Copied from the original, which was given to Frank Lusardi by Mrs. Murray Howell
Typed and arranged by Geo. O. Skewes
Following World War 1, on March 15th in the year 1919, a group of veterans met in Paris, France. At this meeting the foundation was laid for the creation of the American Legion. A second meeting was held in furtherance of its organization in St. Louis, Missouri. It started on May 3rd and lasted a week.
At this same time, groups of veterans throughout the United States started organizing into Posts. The initial period of organization was completed that same year when deligates met in Minneapolis, Minnesota, November 10th to 12th, for the first National Convention.
A couple of weeks after the Legion’s first National Convention a little group of veterans met in Escondido. In the group were several visitors from out of town including a Mr. Curran of Oceanside. Curran called the meeting to order and Murray Howell was temporary “President.” Then in turn, the following were elected into temporary offices: Hugh Hoffman, Secretary-Treasurer; Lincoln Meeker, 1st Vice “President;” L.N. Turrentine, 2nd Vice “President;” Dean Howell, Sergeant-at-Arms; and Bert Wade, assistant Sergeant-at-Arms.
Other members of the new organization mentioned in the minutes of this first meeting were: S. Holmes, Frank Axe, P. Krosckel, and H. Fry. In addition to Curran, out of town visitors included Messrs. Merril, Higgins, and Clifford from Oceanside, and a Mr. Peters from Fallbrook, and a Mr. Jones from San Diego.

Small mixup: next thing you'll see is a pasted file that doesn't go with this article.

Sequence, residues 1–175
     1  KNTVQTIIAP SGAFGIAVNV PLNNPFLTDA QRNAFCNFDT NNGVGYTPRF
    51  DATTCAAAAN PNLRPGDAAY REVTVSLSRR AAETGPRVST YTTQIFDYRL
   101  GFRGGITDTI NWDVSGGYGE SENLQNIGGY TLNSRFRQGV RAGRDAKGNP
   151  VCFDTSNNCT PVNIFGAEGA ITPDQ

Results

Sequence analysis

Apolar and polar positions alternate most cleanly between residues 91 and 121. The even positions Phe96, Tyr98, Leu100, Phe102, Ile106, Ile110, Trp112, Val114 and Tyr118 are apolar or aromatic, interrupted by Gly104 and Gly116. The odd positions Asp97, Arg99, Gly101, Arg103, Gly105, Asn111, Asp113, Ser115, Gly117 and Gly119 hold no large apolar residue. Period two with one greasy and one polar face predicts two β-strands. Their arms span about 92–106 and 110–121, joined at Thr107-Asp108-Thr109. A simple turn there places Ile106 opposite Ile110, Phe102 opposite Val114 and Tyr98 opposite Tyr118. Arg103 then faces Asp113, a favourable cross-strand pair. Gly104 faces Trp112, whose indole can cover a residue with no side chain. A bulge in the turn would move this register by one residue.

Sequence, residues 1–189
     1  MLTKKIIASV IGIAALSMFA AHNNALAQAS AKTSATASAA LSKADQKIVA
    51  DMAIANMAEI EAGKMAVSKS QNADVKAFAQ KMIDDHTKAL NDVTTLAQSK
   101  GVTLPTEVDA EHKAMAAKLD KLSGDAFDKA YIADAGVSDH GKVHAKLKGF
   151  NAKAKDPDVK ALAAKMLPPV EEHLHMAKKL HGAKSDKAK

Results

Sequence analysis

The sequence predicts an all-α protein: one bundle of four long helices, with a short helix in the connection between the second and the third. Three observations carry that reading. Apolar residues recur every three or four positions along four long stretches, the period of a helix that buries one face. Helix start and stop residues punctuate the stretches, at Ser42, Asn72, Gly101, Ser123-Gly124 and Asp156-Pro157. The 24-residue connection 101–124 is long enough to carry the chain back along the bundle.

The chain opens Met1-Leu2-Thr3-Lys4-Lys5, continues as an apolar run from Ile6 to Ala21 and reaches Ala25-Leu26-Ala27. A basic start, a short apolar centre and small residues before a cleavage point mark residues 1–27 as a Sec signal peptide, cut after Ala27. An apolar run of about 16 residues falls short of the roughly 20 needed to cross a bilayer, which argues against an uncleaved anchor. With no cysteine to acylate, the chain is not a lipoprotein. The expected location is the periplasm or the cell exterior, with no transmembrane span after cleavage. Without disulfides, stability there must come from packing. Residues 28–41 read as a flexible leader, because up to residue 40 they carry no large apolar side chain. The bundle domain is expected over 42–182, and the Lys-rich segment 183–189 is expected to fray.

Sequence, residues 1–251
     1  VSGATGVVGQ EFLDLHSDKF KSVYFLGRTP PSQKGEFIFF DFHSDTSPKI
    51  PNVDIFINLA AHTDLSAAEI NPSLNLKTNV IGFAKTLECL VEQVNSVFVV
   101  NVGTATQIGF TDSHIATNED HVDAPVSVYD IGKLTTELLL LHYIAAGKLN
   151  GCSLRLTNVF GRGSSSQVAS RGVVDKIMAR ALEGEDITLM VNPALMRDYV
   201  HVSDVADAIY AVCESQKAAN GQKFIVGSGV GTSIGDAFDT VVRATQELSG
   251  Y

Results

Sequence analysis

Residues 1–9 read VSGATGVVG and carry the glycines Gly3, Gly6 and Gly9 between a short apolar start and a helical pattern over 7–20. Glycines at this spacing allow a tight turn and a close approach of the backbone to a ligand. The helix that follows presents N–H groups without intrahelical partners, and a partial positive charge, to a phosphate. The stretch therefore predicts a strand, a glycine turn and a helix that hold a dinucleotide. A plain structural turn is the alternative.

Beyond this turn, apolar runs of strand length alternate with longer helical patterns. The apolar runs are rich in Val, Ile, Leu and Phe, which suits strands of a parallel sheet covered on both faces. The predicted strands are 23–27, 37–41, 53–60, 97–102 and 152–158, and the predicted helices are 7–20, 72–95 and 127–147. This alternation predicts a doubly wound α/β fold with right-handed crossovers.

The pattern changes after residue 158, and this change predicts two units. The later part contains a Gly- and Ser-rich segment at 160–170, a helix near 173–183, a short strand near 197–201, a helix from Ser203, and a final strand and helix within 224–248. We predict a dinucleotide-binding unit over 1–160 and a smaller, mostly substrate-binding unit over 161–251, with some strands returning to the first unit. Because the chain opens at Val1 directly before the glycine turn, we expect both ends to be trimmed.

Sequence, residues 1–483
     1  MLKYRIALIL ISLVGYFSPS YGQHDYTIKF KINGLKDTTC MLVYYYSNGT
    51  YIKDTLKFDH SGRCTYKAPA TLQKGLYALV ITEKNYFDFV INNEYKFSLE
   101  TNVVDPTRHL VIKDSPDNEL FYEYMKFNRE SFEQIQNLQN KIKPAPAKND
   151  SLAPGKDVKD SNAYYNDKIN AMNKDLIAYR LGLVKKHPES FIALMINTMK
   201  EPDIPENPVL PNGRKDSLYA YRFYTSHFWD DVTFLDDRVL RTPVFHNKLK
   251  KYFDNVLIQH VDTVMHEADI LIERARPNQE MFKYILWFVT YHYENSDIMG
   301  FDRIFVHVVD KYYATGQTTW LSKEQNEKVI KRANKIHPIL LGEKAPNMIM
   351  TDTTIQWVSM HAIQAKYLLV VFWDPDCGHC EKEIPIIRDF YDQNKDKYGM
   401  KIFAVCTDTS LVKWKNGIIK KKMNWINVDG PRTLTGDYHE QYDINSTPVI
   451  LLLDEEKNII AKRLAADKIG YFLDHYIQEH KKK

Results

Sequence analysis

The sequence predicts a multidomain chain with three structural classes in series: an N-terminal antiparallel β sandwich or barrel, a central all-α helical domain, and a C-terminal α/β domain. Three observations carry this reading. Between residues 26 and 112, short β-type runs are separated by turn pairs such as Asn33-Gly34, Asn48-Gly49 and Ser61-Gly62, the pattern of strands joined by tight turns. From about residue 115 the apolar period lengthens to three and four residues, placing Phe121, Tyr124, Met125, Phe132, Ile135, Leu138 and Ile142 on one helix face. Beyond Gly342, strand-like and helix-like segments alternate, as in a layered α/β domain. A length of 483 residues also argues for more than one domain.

The establishment of a cut-off date for the Charter members was mentioned in the second meeting, but accuracy search of the records fails to show any list of Charter members and the Charter Hanging on the wall of the Post today is dated as late as the 15th of September, 1925. It is possible that the early operations were conducted under some sort of a temporary Charter.
The first permanent officers were elected during the meeting held January 6, 1920. At that time Murray Howell was elected Post Commander; L.N. Turrentine, assistant Commander; E. E. Dotson, assistant Commander; Dean Howell, Secretary-Treasurer; J. Deggleman, Historian; O. Heggstrom, Sergeant-at-Arms; and Bert Wade, assistant wergeant-at-Arms. Now we call they 1st Vice Commander and 2nd Vice Commander.
Other names appearing in the minutes of the first few meetings of the Post are: Frank Lusardi, L. Meeker, W. Rice, Mr. Bowers, N. J. Rogers, and a Mr. Soper.
During the first meeting of the group that the Post on the 24th of November 1919, it was decided to name the Post for J. B. Clark. He had been a friend of most of the organizers and had been well known and well thought of in the little community. He had gone on duty with the Navy from Escondido and was one of the few who had not returned. Clark had died of pneumonia in New York City on January 12, 1919, following an attack of influenza while still on active duty. The J. B. stands for” Joseph Burnside.
Joseph Burnside Clark was born in Des Moines, Iowa, December 8, 1885. In the early 90’s Clark’s parents moved to Hutchinson, Kansas. Here he met Lloyd Woodnutt. The two became fast friends, a friendship that would last many years. Hutchinson is an important town. It was the place where the annual States Fair was held. Salt mines are located here.
Lloyd Woodnuit, a resident of Escondido, (deceased) says that Clark, as a boy was known by his friends as Bernie, and later on as J. B. and was about a year older than Woodnut.